Back to the shape of the bok choy. While I appreciate the lovely presentation of a quartered bok choy stem, it is nearly impossible to pick up and eat and little mouths struggle to manage. So this time I blanched the whole bok choy stalks (baby this time) and then shocked and drained them before cutting them into bite size chunks prior to stir frying. It’s going to be much easier to get those forkfuls into our happy mouths.
I also use less ginger than Dunlop suggests, just because that’s my personal preference. Finally, Dunlop’s recipe calls for potato flour, which surprised me in the US edition, because I know from experience that this really should be potato starch in our parlance—potato flour exists and is a whole different thing.

6-9 dried shiitake mushrooms
Dash of Shaoxing wine
Slice of ginger
4 bunches baby bok choy or 2 bunches regular
1/4 tsp sugar
1/2 tsp potato starch mixed with 1 TBSP water
3 TBSP oil (a variety with a high smoke point—I used a bit less oil than this)
3 garlic cloves, sliced
Peeled and sliced ginger to taste (though because I keep my ginger in the freezer, I just grated some)


  1. Prepare the dried shiitakes: cover them in hot water and leave to soak 30 minutes. Then drain and cover with fresh water. Add a dash of Shaoxing wine and a slice or two of ginger. Simmer at least 20 minutes and just leave them there until you want them. Just slice or halve them as desired before you start your stir fry
  2. Pull the bok choy stems off the base as you would with stalks of celery and soak them well in cold water (I had a lot of grit in the bottom of my basin that I’m very glad we didn’t end up eating!). After 15 or so minutes of soaking, carefully lift the bok choy out of the basin and leave the grit behind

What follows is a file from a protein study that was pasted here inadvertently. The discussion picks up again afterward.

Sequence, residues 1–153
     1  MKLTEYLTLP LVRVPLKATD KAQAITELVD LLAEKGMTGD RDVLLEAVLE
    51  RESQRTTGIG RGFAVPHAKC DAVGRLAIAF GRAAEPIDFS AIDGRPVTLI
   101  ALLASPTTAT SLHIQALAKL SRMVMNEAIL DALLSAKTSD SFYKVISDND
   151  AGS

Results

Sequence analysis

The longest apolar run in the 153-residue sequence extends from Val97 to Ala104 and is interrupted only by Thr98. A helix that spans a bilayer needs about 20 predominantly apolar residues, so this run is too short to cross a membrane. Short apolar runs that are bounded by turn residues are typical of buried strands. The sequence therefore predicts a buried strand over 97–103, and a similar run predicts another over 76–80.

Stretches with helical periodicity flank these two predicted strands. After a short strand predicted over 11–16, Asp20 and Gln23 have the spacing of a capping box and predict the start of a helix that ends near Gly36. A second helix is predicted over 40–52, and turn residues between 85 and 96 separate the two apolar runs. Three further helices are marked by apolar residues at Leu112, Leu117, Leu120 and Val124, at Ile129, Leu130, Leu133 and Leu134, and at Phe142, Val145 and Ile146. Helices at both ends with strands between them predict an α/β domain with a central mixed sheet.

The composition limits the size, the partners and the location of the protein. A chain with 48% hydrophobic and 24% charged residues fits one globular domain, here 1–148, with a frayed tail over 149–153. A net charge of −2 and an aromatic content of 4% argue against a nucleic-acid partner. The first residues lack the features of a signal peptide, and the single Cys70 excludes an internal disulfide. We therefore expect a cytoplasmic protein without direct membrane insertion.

3. Bring a couple of quarts of water to a boil then add a tsp of salt and a splash of oil. Add the bok choy and cook a minute or two until the leaves are wilted. Drain and rinse with cold water then drain again
  4. Cut the blanched bok choy into bite-sized pieces or the shape of your choice
  5. Stir the sugar into the potato starch/water mixture and set aside
  6. When you have all your ingredients sliced or chopped and are ready to start stir frying, heat the oil in a seasoned wok over high heat. We have an induction range so woks don’t work well; I use our 12-inch skillet or cast iron pan. Swirl the oil around then add the garlic and ginger. Cook very briefly, just until you can smell them, then add the mushrooms and bok choy. Stir them around a few times then add the starch mixture and salt to taste. Stir once again to combine and then serve

Monday, October 29, 2018

Instant Pot Pork and Hominy Soup

Yet another cheat in which I convert a regular recipe into an Instant Pot recipe. I write it down because I want to remember how I did it and what success I had. The original version of this soup doesn’t really take that long if you’ve got your carnitas ready to go, but the IP version only takes 10 minutes at high pressure, which is definitely a savings. The time savings of doing the carnitas in the Instant Pot combined with the shorter cooking time of the soup makes it overall a faster dish to get on the table.

The major difference this time with the soup is that I threw in 2/3 of a large head of cauliflower I had from the farmers’ market that I didn’t have another plan for. I always want to make our more food vegetable-forward. In the past I’ve added ground kale to this soup, which is good, but as I had the cauliflower I had a hunch that small florets of cauliflower would nicely echo the texture and color of the white hominy and indeed it did. I think I will always do this in future.

My mother-in-law makes this soup with pork tenderloin, which is way less fatty, of course, but pork butt is easier to come by at the farmers’ market (at a reasonable price) and it’s nice to be able to use some of the meat for tacos and the rest in a soup.